October Read of the Month: “Trouble in Action,” by Susan Y. Tanner

Susan Y. Tanner

Susan Y. Tanner

Reviewed by Claire Hamner Matturro

Susan Y. Tanner’s Trouble in Action (KaliOka Press July 8, 2019), book ten of Familiar Legacy mystery series, is as captivating and well-written as her prior two entries in the series, Trouble in Summer Valley and Turning for Trouble. While holding on to the charms of her prior cozy mystery/romantic suspense books, Tanner ups her game with Trouble in Action in terms of suspense and mystery as she offers readers a complex story of not one, but two murders against the backdrop of a Civil War re-enactment.

The star, of course, is Trouble, a sleek black cat and the Sherlock Holmes of cat detectives. For those not familiar with the series, the Familiar legacy books are the original brain-child of award-winning, best-selling author Carolyn Haines. But the ten books (and counting) in the series are authored by a rotation of women writers with variations in setting and style. Yet all have Trouble, the black cat detective, as an active point of view and engaging sleuth. Don’t let the cat detective aspects fool you, though—the books, like Trouble in Action, are strong mysteries with classic romances.

Aside from Trouble, the book focuses on the two romantic leads: pretty, strong, yet emotionally wounded Kylah West, a horse trainer and stunt rider, and attentive, protective Wolf Stockton, a U.S. Marshal with strong ties to the Cherokee Nation, who also works with troubled teens. Jake, Kylah’s friend, helper, and side-kick is also an intriguing and well-used character in the story, as is Wolf’s ex-wife, who figures subtly in the plot.

Kylah still suffers emotionally from the suicide of her husband, and hides her pain with work. While she maintains the utmost trust in her horses and in her skill to ride them in the reenactment, she is leery of men and relationships. Still, she can’t deny that Wolf catches her eye. But can she trust him as well as she can her side-kick Jake and her horses? At their first meeting, she tells him right off the bat she doesn’t dance with men, and puts up a substantial barrier to Wolf’s gentle overtures.

Soon after Kylah and Wolf meet, one of Wolf’s Native American at-risk youths finds the body of a young reenactor, shot through her heart with a vintage rifle. There are no defensive wounds and it appears someone the woman knew simply walked up and shot her at her camp site. Because the young man who found her body appears to be hiding something, he is an initial suspect—as are other members of the Cherokee Nation because their land abuts the re-enactment site and many of them are unhappy with the planned re-enactment. The local sheriff, who is Wolf’s former brother-in-law, has primary jurisdiction, but brings Wolf into the case because of the possible involvement of the Cherokee Nation.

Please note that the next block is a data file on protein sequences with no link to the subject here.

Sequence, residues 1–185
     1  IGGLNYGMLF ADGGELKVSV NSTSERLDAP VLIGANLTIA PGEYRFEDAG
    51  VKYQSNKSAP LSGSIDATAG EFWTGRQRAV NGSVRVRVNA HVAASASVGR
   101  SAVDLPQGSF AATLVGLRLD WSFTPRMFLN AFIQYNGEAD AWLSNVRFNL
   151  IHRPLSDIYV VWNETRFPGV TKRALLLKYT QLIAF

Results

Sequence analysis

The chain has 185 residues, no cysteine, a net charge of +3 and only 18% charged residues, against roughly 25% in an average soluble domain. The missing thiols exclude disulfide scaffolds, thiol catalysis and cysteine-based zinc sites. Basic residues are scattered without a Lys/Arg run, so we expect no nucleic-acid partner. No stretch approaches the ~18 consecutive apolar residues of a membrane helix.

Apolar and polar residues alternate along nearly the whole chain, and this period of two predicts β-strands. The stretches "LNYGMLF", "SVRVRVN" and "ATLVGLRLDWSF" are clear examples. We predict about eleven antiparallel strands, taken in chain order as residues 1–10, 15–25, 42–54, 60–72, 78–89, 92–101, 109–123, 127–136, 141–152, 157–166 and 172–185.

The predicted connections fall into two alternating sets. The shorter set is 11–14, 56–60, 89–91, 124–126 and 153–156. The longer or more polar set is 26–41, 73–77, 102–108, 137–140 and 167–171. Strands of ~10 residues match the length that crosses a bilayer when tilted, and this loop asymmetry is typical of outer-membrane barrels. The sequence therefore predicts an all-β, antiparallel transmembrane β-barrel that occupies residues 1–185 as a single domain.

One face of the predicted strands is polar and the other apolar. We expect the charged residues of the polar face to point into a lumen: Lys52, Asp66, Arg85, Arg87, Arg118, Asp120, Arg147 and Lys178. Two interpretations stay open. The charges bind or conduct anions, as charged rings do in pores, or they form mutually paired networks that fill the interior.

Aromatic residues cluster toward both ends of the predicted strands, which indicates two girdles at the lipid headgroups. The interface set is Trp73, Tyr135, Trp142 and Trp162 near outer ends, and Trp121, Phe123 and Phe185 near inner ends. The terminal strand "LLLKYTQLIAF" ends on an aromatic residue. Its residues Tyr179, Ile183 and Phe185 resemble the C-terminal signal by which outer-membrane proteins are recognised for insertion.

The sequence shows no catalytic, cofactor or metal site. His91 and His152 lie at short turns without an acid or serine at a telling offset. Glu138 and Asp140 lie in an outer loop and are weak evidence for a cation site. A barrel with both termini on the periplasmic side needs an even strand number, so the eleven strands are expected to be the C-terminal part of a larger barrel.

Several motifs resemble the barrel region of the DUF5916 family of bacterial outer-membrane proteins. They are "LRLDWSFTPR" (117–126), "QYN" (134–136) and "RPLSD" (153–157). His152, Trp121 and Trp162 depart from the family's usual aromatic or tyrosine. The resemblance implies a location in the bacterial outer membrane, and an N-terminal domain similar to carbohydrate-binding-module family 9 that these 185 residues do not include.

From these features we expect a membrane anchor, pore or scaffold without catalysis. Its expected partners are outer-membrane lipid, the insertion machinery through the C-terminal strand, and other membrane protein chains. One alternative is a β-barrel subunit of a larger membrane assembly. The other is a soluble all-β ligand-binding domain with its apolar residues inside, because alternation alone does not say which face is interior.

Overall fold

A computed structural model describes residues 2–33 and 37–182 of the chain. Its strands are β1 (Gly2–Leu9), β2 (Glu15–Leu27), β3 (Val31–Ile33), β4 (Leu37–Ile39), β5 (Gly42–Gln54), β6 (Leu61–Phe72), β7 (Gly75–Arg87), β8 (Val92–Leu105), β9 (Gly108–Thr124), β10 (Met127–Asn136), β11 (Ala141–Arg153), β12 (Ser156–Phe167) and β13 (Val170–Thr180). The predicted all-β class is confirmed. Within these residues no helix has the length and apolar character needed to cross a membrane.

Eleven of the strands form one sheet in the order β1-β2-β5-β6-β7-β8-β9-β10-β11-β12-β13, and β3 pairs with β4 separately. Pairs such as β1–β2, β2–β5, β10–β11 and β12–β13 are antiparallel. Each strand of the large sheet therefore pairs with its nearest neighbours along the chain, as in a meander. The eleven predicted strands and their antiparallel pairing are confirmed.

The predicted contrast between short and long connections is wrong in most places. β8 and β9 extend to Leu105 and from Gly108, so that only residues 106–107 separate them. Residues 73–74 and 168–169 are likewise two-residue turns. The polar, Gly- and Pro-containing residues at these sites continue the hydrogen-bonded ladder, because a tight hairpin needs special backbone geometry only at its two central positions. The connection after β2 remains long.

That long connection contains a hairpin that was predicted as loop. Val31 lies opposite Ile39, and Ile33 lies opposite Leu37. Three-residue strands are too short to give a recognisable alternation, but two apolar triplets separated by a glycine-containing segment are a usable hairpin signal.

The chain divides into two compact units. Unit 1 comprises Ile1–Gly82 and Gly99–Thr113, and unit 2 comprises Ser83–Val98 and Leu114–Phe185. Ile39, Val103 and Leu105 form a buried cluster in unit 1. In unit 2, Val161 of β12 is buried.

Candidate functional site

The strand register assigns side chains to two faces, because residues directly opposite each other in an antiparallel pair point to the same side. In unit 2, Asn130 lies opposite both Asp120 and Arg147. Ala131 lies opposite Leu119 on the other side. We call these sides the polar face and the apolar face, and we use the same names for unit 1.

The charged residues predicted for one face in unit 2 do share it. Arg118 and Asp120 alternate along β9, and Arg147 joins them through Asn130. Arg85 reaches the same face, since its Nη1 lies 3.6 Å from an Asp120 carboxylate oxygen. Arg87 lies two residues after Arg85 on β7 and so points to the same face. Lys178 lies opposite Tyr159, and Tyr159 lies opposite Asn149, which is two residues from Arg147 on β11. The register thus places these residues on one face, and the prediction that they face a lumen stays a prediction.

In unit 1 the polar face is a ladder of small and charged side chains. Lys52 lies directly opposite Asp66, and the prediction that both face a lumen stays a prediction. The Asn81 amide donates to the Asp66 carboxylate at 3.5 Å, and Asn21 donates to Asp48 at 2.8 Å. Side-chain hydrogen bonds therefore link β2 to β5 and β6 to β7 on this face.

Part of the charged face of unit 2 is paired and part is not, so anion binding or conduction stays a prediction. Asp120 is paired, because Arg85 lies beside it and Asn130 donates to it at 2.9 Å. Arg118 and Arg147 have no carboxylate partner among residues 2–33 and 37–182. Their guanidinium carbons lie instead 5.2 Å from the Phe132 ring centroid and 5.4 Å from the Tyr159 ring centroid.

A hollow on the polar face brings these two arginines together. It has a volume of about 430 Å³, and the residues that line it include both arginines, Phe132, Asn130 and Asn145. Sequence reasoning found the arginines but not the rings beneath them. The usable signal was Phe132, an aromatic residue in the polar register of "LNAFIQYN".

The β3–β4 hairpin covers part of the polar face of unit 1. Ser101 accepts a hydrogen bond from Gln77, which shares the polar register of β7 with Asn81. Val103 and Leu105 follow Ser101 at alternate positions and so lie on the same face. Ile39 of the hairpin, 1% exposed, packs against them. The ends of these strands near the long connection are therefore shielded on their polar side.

As Wolf’s attraction to the aloof Kylah grows, his investigation turns personal when Kylah is first shot at, and then is the target of an ambush attempt to injure her and one of her horses as they rehearse for the reenactment. A second murder compounds the suspense as no one can find the nexus between the two killings or any apparent reason for the murders. As the first victim is a woman reenactor, Kylah is a reenactor who is attacked twice, and another reactor is later killed, it seems logical there must be some connection between Kylah and the other victims. But what? The missing link keeps Kylah in jeopardy.

Trouble attaches to Kylah as a protective force even as he works with Wolf to determine who is behind the murders—and who is attempting to ambush Kylah and her horses as she gives the key performance of the reenactment. Wolf’s grudging acceptance of Trouble’s detective skills are some of the most charming aspects of the story as the alpha male Wolf learns to trust the alpha cat Trouble.

Trouble’s voice in the story is charming, astute, and has just that touch of arrogance that cat lovers appreciate in their felines. Trouble’s acerbic asides often add a splash of sly humor to the story. For example, as to grits, he notes, “Even with a quantity of melted butter, the real thing from real cream, I find what is basically cornmeal mush too bland for words.”

Trouble isn’t the only voice in the story that’s great with the one-liners. Wolf wisely observes that “Crazy had logic but it was a logic only crazy understood.” And: “Insanity lives in whatever world it chooses.”

Tanner, a respected author of romance novels as well as the Trouble books, is skilled not only with quick insightful bites, but also with the lyricism of her prose. For example: “Kylah and I continue to stand together, watching as the purples of dusk fade to the charcoals of night.”

Trouble in Action is delightful and fast-paced, with just the right touch of whimsy, yet it contains serious sleuthing, an authentic set-up, and two heart-breaking murders. Romance readers will have much to enjoy in the book, as will mystery readers. As with most cozy mysteries, and more assuredly with animal cozies, Trouble in Action requires a bucket full of willing suspension of disbelief. But that’s all part of the fun, excitement, and escapist lure.

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